Semester of Thursdays: Chapter 26

22 Mar

This is it!  The FINAL chapter from Book #1 of Semester of Thursdays!  Next week I’ll be posting Chapter 1 from Book #2 (my personal favorite of the two books).

Without further ado, I give you the FINAL chapter…

Cover 1

* * *

A knock vibrated our front door, pulling me out of bed.  Leave it to my roommate to forget her keys on one of the last nights in our apartment.  The impatient pounding came again, louder this time.  I pulled on my sweatshirt and sweat pants just in case she had decided to bring Alec with her.  Grumbling as I unlocked the deadbolt, I flung open the door and stifled a scream when I saw who was outside.

“What I meant earlier, when I said I didn’t know how to deal with you…” Remington said, his words coming in a flood.  His hair was soaked, sticking to his smooth forehead.  His shirt was damp and the bottom of his jeans muddy.  “Do you remember?”

How could I forget?  It was only a few hours ago.

I crossed my arms against the vivid memories.  The statement had hurt my pride more than it should have.  His comment had ruined and ended my night.  “Yeah, I remember.”

“It had nothing to do with you and everything to do with me.”

“That excuse is overused,” I sneered.

“What excuse?”

“The whole it’s-not-you-it’s-me excuse.”

“It’s a valid explanation.  Do you realize the deplorable person I’ve become?”

“How can you…”  The lifelessness in his eyes stopped my sentence.

“I’m the one person I hate the most, the one who has no respect for another person’s relationship.”

“What are you talking about?” I asked slowly, attempting to set him at ease.

“I’m no better than the one she cheated with.”

“You’re not making any sense, Remington.  Why don’t you calm down and come inside?”

“I shouldn’t come inside and I can’t calm down!  That guy—that bastard knew she had a boyfriend, he knew me, and he hadn’t cared.  I have always believed in being the good guy, the one who respects another person’s relationship, the one who hopes everyone will get their own happily ever after.”

“That’s a good quality,” I pointed out, still not comprehending.  “I respect you for that.”

“Don’t!  I hate myself because of you.”

The passion in his voice took my breath away.  “What did I ever do to you?”

“You were there… and then you wouldn’t leave…”  He ran his hands through his drenched hair, mussing it into an attractive mess.

“I can leave now.”  I went to close the door, but he held the wooden slab open.

“That’s just it, Meredith.  I don’t want you to leave.  I never wanted you to go so I always had to be the one to go away.  You’re in my mind, and I can’t get you out.  I have never wanted another person’s relationship to end more than I wanted yours to be over.”

“But it…” is over.

“So that’s why I don’t know how to deal with you.  I kept dropping hints; I couldn’t help myself.  Then, after I would say something—too much—I would regret the torn, condescending look on your face.  I’m not rude.  Ask Alec.  I’m typically unfailingly polite.  But I wanted you to be single so badly… I needed to let you know that you had options, that I was interested… beyond interested.  I kept hoping that maybe you would accept some lewd proposal I would make even though I prayed you would be too faithful to do so.

“So that’s what I meant,” he repeated.  “I can’t make you any promises.”

“I never asked you to,” I said quietly, unsure if he could hear me above the howling wind.

“Yet I find them on the tip of my tongue.  Instead of trying to make them, I find myself trying to keep them from spewing out.  I want to make you promises.”

I stood on my front porch, all words erased from my mind.  My heart beat rapidly, pounding against my chest and vibrating my shirt.

Remington looked miserable after his heart-felt confession.

“Say something… please, Meredith,” he begged.

What did he expect me to say?  His subtle hints, ones I had dismissed, came crashing upon me.  It had been too easy to dismiss them because there was no way in this universe that he could have been interested in me.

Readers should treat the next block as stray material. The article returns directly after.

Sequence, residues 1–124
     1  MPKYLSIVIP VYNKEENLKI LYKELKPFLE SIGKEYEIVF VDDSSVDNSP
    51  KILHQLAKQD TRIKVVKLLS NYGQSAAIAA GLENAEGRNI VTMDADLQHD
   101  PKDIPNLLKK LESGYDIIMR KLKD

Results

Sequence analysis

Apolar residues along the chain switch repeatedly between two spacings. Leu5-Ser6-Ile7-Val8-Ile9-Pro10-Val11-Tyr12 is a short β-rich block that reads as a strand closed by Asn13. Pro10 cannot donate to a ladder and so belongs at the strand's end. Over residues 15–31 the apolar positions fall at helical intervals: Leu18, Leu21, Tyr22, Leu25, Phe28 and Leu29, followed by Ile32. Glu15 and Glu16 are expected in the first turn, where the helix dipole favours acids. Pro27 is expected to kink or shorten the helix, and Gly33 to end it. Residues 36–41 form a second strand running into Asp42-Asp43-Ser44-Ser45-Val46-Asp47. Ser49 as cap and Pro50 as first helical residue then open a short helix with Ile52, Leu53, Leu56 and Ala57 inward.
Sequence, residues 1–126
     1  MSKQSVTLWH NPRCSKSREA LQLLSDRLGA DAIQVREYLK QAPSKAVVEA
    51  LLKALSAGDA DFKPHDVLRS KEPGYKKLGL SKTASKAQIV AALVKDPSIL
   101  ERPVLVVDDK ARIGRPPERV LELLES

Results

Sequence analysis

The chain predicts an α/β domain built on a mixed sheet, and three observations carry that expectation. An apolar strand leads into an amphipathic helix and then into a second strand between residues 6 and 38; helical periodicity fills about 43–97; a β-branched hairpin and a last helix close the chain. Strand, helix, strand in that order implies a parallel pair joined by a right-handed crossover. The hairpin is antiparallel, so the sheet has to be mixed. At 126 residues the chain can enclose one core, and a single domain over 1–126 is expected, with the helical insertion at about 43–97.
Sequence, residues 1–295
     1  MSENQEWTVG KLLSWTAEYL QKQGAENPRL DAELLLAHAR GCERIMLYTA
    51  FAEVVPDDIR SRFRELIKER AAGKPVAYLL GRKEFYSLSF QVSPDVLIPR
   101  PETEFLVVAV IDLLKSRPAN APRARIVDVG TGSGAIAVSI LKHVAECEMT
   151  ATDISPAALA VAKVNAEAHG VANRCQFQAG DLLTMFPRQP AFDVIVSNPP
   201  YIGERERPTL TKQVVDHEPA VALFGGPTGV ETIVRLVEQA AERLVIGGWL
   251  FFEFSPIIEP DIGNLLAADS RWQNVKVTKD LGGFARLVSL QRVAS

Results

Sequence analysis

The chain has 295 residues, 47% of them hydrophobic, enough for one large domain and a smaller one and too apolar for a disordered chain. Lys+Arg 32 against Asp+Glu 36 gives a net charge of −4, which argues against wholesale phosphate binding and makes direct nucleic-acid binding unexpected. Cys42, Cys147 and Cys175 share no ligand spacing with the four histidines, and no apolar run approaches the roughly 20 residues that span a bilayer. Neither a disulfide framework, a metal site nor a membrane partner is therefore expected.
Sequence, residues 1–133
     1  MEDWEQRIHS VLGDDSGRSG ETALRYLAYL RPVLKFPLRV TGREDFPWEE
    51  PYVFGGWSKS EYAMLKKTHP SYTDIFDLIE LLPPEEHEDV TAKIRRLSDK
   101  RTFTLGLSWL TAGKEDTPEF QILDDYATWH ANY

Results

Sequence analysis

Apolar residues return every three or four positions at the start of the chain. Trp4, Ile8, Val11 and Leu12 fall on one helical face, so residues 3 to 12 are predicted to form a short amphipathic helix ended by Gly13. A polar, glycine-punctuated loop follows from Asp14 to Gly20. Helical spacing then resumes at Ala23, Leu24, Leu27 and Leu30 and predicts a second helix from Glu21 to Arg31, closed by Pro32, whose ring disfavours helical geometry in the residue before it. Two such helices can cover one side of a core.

All I could do was breathe.

His mouth pulled into a hard line as he stepped backward into the rain.  I numbly watched him walk across the parking lot, hands shoved deep into his jean’s pockets.

I waited until he was out of sight before shutting the door against the elements.  My body retreated to the couch, attempting to process the sensory overload.  My soul remained on our stoop, splashed by the falling raindrops.

Technically I was single.  Technically I could do what I wanted.  And this night, at this very moment, I knew exactly what I wanted—who I wanted.  Was it possible to know that with such certainty in only a semester of Thursdays?

A hard knock beat on my door, making me jump.  Lena could not have chosen a worse time to come back home.

But she hadn’t.

Remington was there again, this time completely soaked through.  His t-shirt clung to every centimeter of his chest and arms; his hair was in his eyes.  The rain dripped down his face like tears.

I wanted to ask him what he expected me to do, what he would have me say, but I didn’t have time.

“Good guys end up last,” he said to himself, his voice gruff with emotion.  “Screw it.”

Remington pulled my head to his, pressing our lips together in a crushing kiss.  My mind was spinning, and I couldn’t catch my breath, not with him this close.  I squirmed against the weight and dampness, squeaking when he only pulled me closer.

He jerked away abruptly and stared at me, gasping.  We looked at one another, unsure of how to proceed.  He lurched back, and I felt his gravity pulling me toward him.

Remington was right.

“Screw it.”

I jumped into his arms and wrapped myself around his lean frame.  He stumbled into the rain, and I showed him the passion and tension bursting inside me.  He clung to me, reluctant to let any air separate us.  I pulled away and couldn’t even smile; these emotions were too raw, too new to feel anything but wonder.  I unraveled my legs from his trim waist and slid down his torso until my feet hit solid ground.

“I… I… I have to go,” I stuttered, more to myself than him.  Remington watched me escape to my car, his eyes searing my back.  I couldn’t look into the rearview mirror to see how long he stood, frozen in the middle of the pouring rain.

“Hey Joel?  Grant?” I called.

The air conditioning was on in their apartment, and I shivered as it cooled the damp shirt against my skin.  I could have called him to let him know it was truly over, but a phone call was too impersonal.  Despite his embarrassing display tonight, Holden deserved more after being with me for so long.  I owed him this visit.

I raced up the steps, and Joel popped his groggy head out of his room.